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The idea that humankind constituted a unity, albeit at different stages of 'development', was in the 19th century challenged with a new way of thinking. The 'savagery' of certain races was no longer regarded as a stage in their progress towards 'civilisation', but as their permanent state. What caused this shift? In Kay Anderson's provocative new account, she argues that British colonial encounters in Australia from the late 1700s with the apparently unimproved condition of the Australian Aborigine, viewed against an understanding of 'humanity' of the time (that is, as characterised by separation from nature), precipitated a crisis in existing ideas of what it meant to be human. This lucid, intelligent and persuasive argument will be necessary reading for all scholars and upper-level students interested in the history and theories of 'race', critical human geography, anthropology, and Australian and environmental studies.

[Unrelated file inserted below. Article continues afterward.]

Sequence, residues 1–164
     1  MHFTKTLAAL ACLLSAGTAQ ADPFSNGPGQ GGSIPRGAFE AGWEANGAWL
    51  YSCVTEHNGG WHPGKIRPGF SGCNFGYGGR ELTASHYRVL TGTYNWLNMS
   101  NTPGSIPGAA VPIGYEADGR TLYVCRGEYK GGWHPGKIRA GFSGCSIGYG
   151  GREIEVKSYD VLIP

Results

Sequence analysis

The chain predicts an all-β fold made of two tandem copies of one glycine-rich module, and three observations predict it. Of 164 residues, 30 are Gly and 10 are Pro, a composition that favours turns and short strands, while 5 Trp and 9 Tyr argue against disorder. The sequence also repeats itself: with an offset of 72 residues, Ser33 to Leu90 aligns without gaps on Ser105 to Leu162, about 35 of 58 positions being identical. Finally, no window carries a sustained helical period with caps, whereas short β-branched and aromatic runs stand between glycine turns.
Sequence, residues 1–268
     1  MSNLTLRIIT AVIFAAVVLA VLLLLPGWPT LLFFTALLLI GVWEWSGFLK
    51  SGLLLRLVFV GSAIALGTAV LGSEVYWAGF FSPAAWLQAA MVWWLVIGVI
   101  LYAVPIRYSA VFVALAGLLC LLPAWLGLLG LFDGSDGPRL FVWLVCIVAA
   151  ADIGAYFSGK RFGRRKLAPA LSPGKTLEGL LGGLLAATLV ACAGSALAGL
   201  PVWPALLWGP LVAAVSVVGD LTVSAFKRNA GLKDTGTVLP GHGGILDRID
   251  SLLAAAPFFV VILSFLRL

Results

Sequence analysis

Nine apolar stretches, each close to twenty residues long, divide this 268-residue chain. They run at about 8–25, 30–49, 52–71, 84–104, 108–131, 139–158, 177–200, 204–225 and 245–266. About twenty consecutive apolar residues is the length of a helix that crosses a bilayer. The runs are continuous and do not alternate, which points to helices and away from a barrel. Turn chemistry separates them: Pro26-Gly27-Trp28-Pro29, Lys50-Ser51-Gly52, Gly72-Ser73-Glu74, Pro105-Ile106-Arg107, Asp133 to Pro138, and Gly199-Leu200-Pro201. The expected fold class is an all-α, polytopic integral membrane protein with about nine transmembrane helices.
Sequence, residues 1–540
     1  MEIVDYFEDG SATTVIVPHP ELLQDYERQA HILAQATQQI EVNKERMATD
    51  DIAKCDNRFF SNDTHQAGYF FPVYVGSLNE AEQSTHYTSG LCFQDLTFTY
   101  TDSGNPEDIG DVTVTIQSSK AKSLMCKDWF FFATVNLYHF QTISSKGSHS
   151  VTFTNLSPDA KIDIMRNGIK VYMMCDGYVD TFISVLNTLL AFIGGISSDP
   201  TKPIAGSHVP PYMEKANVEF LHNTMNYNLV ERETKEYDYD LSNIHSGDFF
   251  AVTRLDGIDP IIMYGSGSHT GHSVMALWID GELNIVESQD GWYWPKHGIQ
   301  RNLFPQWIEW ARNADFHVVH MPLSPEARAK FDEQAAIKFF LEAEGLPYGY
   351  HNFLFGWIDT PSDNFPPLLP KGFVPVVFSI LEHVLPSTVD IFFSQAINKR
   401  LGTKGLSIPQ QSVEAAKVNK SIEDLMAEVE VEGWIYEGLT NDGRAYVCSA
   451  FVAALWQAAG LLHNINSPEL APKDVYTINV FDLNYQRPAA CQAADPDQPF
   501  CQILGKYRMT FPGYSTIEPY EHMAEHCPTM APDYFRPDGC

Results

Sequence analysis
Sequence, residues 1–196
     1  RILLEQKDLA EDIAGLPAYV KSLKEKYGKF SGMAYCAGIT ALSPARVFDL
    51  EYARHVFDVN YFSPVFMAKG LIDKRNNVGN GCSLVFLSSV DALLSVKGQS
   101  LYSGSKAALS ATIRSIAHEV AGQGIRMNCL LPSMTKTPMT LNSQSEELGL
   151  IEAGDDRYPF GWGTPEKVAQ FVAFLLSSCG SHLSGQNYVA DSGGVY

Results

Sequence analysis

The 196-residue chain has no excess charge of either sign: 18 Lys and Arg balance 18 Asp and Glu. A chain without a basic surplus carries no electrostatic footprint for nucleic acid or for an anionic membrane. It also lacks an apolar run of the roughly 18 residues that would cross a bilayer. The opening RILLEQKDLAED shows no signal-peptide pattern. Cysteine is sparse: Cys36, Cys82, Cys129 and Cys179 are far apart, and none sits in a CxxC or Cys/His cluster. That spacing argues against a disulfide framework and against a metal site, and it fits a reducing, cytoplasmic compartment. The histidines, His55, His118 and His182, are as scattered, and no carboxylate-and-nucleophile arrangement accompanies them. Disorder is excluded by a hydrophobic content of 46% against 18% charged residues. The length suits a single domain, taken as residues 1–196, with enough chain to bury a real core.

A Companion To World History

Author: Douglas Northrop
Publisher: John Wiley & Sons
ISBN: 1118977513
Size: 69.30 MB
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A Companion to World History presents over 30 essays from an international group of historians that both identify continuing areas of contention, disagreement, and divergence in world and global history, and point to directions for further debate. Features a diverse cast of contributors that include established world historians and emerging scholars Explores a wide range of topics and themes, including and the practice of world history, key ideas of world historians, the teaching of world history and how it has drawn upon and challenged "traditional" teaching approaches, and global approaches to writing world history Places an emphasis on non-Anglophone approaches to the topic Considers issues of both scholarship and pedagogy on a transnational, interregional, and world/global scale